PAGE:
Which is too bad, because while Wynton can play, his incredible prejudices and his attempts to co-opt the entire genre do jazz and the listening public a disservice.

Wynton wants you to buy into his version of what jazz is, was, and should be and disregard all other false gods. Jazz is too big and too mighty for that. Like others before him who tried to use it to carry their own personal agenda (Stan Kenton comes to mind off the top of my head as someone else who tried to “help” jazz and damn near killed it), people need to understand that while Wynton’s entitled to his opinion, that’s all it is.

Don’t let anyone (including me) dictate to you what jazz is and what is not. Go find out for yourself. There’s so much great music out there, from stuff going on right this second to evidence of a session in Davenport, Iowa in 1920 and they were SWINGING. Check it out.

Listen to what you like . . . and stretch your ears and listen to something you don’t know. The potential payoff is enormous, finding new music is like discovering a new world.

I expect to be watching at least some of “Jazz.” Until I get pissed and turn off the tv, anyway. Hope it takes me a while.

your humble TubaDiva

I agree with everyone so far, although I’m still going to watch. A biased sample of great archival footage is still worth some annoying blather from the self-appointed guardians.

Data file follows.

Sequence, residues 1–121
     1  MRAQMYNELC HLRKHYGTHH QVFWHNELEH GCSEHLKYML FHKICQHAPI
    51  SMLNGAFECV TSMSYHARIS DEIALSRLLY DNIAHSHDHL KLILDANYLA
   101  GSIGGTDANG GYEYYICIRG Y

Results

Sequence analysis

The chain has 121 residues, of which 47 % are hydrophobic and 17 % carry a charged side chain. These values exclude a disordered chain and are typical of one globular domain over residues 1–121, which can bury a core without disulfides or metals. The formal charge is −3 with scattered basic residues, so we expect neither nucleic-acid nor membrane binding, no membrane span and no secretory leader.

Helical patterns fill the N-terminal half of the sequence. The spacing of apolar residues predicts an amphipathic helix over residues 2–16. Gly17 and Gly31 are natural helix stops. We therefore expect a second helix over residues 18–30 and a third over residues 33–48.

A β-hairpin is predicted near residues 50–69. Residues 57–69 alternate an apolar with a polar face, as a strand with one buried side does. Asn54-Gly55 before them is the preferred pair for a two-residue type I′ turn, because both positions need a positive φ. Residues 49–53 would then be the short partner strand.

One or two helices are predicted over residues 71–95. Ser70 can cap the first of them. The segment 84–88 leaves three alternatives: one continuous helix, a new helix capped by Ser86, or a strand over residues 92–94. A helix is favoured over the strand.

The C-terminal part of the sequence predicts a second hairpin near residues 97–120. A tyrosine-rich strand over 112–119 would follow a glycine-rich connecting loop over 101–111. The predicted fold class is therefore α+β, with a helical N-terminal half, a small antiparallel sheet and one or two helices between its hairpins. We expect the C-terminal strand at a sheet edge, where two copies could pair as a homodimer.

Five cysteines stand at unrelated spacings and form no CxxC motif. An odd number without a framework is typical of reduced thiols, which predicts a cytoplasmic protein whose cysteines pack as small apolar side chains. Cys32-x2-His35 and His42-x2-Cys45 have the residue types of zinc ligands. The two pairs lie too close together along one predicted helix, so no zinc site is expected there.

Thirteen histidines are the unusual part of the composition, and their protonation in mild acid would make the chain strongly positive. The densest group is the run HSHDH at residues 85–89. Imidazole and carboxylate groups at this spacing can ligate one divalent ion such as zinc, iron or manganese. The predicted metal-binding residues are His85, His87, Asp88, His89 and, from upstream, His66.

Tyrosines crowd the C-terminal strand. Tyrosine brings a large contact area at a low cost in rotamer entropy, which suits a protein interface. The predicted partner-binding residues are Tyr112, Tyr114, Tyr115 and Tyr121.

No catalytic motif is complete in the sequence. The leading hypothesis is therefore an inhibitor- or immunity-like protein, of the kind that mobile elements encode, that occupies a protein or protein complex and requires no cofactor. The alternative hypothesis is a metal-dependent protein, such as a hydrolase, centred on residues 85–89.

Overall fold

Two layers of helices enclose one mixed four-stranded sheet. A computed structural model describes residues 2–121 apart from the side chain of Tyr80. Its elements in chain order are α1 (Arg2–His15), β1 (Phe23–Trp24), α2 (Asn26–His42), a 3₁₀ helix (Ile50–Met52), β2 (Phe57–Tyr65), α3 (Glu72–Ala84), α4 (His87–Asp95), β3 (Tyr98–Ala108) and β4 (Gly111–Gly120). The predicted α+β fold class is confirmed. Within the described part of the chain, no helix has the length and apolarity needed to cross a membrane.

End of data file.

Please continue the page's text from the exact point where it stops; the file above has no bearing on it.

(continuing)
I think he makes pretty good records based on his views, I just wish he’d stop telling people there’s one true path.

All right, I was lying in the OP. I’m going to watch this thing, and probably tape it too. That way I can fast-forward over the little wiener’s commentary in future viewings.

David Bianculli in this morning’s NY Daily News got all orgasmic over the thing, and says that by the end you’ll be ready to give Wynton head (okay, he actually said “embrace him totally”).

He then goes on to quote a Wyntonism comparing jazz to gumbo*, which I found amusing because the last line in yesterday’s NY Times review was “Please, God, no more gumbo metaphors.”

  • “Blues is like the roux in a gumbo. Now you might have a soup, and it might be killin’, but if you don’t have no roux, you cannot have no gumbo.”

Gee, my little street fightin’ man, you are soooooo real. But I’m surprised you didn’t pick up no white folks’ English at that there Julliard School.

(He’s also incorrect about both the music and the cooking. While much fine jazz is blues-based, nearly as much isn’t. Dizzy Gillespie didn’t play no blues, for example. And while I always base my gumbos on roux, many Cajun and Creole cooks depend on okra or file powder, or a combination of the two, for the essential thickening.)

You’re just grumpy because your namesake isn’t mentioned at all, much less the focus of the series.

Hey! I saw WM playing with a WHITE GUY the other day! I thought he said that white folk can’t play jazz?

I was strongly considering skipping the series because I’m sick of KB’s lingering pans over still photos. It’s too bad that good music died around the same time as talkies came out. (1959? 1944? BAH! 1927!)

Right on, Uke.

I read three Sunday papers yesterday and all three of them had extensive coverage of the series. Hilariously, I don’t even think I need to watch it because I read so much about it.

The worst part was a list (!) of “the best Jazz musicians”. #1 was Louis Armstrong, the rest were typical - Coltrane, Parker, Davis, Monk, Basie, Ellington, etc. I just had to laugh that someone had the balls to compile a list from one of the most diverse and varied musial genres ever. I have a strong feeling it was Wynton’s although I don’t recall.